Privacy in an Age of Publicity

In 1844, the British Post Office opened personal mail addressed to a foreign national who was living in England. When the report of the interception became public, the New-York Tribune condemned the opening of mail as “a barbarian breach of honor and decency.” Today, the U.S. and other governments routinely open and read the personal email of citizens and non-citizens alike, even those living in other countries. Isn’t this still a “barbarian breach of honor and decency?”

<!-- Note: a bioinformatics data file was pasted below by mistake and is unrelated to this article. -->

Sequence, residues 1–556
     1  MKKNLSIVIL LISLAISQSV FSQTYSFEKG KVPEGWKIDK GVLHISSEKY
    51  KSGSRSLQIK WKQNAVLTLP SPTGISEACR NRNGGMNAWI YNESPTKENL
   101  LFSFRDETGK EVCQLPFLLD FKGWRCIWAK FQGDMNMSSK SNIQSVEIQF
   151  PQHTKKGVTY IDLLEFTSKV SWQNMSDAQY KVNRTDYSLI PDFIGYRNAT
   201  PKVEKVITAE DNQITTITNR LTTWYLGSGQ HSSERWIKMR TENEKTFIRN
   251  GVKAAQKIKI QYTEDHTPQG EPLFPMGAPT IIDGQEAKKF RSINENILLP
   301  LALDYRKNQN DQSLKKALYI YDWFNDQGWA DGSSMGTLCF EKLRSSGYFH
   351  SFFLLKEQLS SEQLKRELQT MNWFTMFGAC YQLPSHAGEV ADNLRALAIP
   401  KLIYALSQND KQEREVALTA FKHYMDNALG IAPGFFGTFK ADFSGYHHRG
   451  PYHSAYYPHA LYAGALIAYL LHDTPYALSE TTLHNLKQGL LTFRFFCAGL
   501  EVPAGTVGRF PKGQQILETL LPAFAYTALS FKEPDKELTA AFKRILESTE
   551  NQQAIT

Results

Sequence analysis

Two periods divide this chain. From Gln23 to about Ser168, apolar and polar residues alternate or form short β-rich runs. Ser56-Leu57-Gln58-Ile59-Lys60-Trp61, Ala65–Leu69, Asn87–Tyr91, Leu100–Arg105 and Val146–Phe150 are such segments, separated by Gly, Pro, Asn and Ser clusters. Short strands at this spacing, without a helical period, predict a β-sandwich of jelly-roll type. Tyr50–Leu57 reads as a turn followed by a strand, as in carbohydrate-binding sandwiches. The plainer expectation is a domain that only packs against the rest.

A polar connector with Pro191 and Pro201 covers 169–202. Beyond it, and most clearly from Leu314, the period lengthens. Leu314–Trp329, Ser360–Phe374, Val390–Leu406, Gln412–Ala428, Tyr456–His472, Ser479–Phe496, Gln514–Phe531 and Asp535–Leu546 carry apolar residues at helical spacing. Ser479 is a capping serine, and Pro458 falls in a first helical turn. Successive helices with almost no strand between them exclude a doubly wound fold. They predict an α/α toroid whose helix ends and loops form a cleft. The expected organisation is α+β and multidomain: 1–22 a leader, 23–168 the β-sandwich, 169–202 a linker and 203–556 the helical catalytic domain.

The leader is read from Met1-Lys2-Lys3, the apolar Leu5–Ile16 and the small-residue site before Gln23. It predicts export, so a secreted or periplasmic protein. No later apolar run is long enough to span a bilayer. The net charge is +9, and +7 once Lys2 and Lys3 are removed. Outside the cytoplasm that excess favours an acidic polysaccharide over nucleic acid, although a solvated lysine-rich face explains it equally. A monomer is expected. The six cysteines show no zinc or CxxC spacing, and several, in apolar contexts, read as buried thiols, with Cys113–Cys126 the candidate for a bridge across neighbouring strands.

Jill Lepore examines the privacy issues in an article in The New Yorker at

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